History of Psychiatry and Medical Psychology: With an Epilogue on Psychiatry and the Mind-Body Relation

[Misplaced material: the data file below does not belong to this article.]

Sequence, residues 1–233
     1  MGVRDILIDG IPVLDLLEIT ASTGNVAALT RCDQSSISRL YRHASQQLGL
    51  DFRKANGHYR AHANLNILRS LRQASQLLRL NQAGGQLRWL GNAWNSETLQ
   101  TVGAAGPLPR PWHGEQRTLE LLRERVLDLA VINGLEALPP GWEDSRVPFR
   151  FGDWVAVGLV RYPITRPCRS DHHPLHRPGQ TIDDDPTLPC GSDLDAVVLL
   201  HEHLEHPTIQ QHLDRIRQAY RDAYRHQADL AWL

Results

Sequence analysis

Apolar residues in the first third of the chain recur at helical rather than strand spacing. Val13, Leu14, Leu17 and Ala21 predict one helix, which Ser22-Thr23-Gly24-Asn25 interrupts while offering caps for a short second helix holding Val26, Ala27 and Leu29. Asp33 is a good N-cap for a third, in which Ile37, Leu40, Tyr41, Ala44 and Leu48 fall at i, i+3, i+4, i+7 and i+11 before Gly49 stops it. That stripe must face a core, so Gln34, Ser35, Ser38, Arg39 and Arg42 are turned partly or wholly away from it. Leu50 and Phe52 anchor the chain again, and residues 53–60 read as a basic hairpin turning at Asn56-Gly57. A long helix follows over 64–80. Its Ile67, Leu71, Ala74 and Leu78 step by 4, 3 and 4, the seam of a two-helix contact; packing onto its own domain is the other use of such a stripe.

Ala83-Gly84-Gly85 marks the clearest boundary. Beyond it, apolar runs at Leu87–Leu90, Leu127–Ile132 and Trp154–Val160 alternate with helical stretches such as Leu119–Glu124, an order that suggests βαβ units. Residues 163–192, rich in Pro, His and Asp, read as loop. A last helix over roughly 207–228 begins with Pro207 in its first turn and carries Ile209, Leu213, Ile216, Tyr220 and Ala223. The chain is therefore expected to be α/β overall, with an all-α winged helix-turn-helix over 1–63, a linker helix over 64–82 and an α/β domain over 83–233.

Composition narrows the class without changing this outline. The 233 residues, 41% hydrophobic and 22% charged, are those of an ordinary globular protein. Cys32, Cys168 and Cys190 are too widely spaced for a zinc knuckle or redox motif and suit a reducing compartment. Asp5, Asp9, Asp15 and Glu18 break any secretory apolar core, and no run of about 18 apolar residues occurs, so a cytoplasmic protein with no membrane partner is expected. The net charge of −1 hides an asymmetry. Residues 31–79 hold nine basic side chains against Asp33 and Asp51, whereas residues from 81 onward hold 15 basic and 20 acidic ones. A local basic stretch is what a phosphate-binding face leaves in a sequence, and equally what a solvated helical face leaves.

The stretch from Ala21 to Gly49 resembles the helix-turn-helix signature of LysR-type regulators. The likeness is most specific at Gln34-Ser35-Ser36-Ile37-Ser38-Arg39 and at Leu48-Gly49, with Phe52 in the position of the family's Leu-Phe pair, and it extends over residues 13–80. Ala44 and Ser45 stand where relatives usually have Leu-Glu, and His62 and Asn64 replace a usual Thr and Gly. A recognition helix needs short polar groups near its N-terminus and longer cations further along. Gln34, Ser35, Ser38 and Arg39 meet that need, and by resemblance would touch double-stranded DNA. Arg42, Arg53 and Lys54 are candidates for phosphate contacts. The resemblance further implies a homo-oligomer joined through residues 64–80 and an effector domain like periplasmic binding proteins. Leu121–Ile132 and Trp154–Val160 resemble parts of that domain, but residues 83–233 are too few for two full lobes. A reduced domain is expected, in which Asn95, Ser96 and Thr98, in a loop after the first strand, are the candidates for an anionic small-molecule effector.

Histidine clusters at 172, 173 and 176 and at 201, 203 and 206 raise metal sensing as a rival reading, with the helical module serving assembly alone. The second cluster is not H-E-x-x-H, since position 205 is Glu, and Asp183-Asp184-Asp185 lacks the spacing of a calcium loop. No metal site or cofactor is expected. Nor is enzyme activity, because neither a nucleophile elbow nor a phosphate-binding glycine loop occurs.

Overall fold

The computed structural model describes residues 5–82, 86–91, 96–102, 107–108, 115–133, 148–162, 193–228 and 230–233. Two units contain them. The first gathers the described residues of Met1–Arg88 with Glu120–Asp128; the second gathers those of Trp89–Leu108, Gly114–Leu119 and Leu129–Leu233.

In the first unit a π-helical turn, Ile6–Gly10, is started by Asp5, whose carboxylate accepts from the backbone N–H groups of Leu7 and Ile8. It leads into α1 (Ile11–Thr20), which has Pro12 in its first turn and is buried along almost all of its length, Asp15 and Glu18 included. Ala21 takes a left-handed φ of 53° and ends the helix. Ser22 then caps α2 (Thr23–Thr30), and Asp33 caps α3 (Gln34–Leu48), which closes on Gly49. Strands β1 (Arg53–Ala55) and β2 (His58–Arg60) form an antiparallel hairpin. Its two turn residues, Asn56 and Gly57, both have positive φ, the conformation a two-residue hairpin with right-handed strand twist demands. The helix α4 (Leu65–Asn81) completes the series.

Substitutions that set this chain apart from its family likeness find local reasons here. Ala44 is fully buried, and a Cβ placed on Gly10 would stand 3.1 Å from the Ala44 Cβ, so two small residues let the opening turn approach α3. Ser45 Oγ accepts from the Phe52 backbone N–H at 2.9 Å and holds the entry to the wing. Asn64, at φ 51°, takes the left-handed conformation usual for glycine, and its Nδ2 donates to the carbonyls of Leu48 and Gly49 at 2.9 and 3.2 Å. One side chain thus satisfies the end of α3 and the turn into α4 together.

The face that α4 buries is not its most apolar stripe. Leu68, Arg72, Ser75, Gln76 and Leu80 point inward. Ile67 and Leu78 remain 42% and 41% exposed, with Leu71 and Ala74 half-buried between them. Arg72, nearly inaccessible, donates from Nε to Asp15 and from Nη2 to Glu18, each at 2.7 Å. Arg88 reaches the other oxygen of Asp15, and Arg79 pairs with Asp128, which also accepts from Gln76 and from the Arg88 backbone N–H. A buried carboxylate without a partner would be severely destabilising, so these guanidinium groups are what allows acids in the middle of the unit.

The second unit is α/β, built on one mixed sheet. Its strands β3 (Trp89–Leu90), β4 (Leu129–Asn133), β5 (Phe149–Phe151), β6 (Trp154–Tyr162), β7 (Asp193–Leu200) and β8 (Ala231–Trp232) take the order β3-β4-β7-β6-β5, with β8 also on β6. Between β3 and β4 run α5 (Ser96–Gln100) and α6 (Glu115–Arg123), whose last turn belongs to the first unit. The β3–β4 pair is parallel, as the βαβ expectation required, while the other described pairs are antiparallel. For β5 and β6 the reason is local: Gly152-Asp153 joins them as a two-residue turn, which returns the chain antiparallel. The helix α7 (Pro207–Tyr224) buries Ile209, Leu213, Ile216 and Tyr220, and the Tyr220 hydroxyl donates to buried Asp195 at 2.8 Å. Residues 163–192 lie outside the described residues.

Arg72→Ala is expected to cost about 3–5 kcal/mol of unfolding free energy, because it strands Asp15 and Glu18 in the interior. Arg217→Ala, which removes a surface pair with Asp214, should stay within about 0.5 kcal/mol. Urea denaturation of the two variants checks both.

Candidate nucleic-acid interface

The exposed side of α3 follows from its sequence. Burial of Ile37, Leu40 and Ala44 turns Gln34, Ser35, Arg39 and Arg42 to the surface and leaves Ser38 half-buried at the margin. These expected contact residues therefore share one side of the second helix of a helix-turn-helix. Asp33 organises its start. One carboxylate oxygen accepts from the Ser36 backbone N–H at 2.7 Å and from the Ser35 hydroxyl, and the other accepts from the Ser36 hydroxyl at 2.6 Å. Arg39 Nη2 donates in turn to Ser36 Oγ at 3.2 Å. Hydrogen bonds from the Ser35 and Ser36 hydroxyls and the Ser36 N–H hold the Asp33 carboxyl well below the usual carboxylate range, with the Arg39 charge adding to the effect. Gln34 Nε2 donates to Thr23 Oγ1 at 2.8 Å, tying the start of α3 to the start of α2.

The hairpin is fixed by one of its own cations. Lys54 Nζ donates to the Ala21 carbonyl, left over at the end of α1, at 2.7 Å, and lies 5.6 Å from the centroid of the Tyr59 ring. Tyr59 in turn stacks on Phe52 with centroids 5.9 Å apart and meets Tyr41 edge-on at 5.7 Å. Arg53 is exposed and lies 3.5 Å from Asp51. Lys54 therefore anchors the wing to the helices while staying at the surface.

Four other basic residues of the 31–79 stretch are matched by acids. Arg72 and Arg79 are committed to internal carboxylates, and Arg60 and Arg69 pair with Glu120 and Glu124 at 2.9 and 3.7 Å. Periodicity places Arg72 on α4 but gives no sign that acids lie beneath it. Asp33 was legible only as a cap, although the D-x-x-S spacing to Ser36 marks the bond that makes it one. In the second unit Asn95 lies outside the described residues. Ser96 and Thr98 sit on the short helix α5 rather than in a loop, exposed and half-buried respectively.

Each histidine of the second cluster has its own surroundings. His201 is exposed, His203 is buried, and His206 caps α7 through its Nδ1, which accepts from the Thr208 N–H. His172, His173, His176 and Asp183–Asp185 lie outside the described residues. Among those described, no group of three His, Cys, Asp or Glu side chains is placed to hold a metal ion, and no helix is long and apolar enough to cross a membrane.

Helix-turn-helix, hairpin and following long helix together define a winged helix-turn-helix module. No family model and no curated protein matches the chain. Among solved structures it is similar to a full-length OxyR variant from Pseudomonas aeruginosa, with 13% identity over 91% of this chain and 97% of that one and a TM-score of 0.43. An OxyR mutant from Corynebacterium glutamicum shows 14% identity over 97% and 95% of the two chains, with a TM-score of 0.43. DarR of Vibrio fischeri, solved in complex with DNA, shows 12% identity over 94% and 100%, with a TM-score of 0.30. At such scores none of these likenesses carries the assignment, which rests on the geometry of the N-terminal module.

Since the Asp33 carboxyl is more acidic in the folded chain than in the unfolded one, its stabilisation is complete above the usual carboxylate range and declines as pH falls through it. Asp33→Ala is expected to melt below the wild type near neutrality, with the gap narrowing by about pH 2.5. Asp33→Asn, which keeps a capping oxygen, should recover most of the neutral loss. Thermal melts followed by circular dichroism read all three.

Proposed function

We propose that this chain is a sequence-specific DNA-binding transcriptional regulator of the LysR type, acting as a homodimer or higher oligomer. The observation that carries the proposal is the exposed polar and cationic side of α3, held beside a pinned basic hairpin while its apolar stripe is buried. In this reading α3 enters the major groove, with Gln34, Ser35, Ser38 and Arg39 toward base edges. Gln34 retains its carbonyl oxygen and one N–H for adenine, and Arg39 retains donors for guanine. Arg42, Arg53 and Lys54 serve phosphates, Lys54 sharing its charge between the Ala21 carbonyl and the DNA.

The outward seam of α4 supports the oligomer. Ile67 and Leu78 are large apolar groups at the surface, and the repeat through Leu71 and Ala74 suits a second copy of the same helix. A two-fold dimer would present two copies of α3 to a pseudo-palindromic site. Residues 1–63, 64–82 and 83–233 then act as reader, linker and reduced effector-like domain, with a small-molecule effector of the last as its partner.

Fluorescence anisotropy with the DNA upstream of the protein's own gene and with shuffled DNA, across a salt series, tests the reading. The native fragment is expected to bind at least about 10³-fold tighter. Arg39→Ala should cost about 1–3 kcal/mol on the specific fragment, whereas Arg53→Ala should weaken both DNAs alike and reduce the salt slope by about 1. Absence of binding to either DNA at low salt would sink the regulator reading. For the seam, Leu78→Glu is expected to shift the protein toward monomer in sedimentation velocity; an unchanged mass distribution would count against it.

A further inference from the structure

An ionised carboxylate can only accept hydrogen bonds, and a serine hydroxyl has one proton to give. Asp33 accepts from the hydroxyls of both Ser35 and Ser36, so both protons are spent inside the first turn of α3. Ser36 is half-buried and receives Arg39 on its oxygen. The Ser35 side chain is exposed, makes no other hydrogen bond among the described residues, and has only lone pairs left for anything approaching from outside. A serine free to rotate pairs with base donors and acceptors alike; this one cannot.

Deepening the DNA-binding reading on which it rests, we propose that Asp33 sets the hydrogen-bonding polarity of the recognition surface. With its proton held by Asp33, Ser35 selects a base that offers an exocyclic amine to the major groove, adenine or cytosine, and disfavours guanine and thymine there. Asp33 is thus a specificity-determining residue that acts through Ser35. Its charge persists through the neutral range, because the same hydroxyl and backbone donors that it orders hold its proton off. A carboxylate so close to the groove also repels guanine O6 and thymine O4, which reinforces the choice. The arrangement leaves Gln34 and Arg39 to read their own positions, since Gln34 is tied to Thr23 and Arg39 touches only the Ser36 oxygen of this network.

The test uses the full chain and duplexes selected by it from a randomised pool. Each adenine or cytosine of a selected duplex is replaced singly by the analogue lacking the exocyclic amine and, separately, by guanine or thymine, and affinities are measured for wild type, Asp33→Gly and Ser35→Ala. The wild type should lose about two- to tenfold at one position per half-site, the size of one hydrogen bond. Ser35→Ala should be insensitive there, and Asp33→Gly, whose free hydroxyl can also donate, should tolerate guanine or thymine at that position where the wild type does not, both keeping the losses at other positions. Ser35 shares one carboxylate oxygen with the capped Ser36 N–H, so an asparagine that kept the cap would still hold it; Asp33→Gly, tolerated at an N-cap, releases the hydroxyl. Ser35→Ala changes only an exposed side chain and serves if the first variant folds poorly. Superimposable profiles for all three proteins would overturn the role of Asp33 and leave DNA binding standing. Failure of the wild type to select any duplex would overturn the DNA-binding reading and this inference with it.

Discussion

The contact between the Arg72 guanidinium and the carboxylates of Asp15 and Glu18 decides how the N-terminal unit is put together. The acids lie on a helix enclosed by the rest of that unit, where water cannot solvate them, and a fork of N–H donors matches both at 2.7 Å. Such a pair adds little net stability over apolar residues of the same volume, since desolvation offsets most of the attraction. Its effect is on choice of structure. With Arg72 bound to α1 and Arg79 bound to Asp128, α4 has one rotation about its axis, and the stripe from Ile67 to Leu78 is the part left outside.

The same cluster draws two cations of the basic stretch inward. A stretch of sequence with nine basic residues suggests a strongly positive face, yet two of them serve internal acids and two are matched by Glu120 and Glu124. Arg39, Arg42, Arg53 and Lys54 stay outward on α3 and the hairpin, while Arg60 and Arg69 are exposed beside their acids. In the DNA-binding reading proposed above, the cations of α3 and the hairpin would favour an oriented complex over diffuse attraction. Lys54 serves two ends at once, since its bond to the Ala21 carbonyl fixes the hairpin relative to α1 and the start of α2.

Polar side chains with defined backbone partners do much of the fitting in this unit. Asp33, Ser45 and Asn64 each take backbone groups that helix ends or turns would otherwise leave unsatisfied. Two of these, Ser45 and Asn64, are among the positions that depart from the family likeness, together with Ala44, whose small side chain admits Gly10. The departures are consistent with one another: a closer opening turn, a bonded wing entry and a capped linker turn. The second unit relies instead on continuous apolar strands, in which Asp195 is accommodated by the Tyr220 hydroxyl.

The Romans knew that Nero was insane. Shakespeare’s Macbeth asked his doctor to treat 'a mind diseased.' The physicians of the Enlightenment era pondered whether the inmates in the asylums were mad or simply bad. As a discipline, psychiatry has always walked a fine if not easily defined line between social and biological science. History of Psychiatry and Medical Psychology traces this evolution in its social, political, and philosophical contexts, charting the rise of psychology as a legitimate field of scientific pursuit, and of psychiatry as a medical specialty. An interdisciplinary team of noted historians (including Sander Gilman, Dora Weiner, Hannah Decker, and the recently deceased dean of American psychiatric history, George Mora, M.D.) has distilled centuries of history—protracted debates, false starts, and missteps included—resulting in an engaging and inspiring narrative of history and methodology in the making. The birth of brain science in antiquity, the Middle Ages, and the Renaissance -The roots of modern psychiatry in the French Revolution-Changing concepts of schizophrenia and depression-The influence of neurology on psychiatry-Evolutions in treatment: mental institutions, hypnotherapy, pharmacotherapy-The emergence of psychoanalysis and 'national psychologies' in Europe and America-Modern critiques, including the chapter 'Psychiatry’s Sickness and Its Biological Cure'. Its wide scope, divergent viewpoints, and insistence on viewing historical periods through their own lenses and not our own makes this History a must-have reference for scholars of psychiatry, psychology, and medicine.
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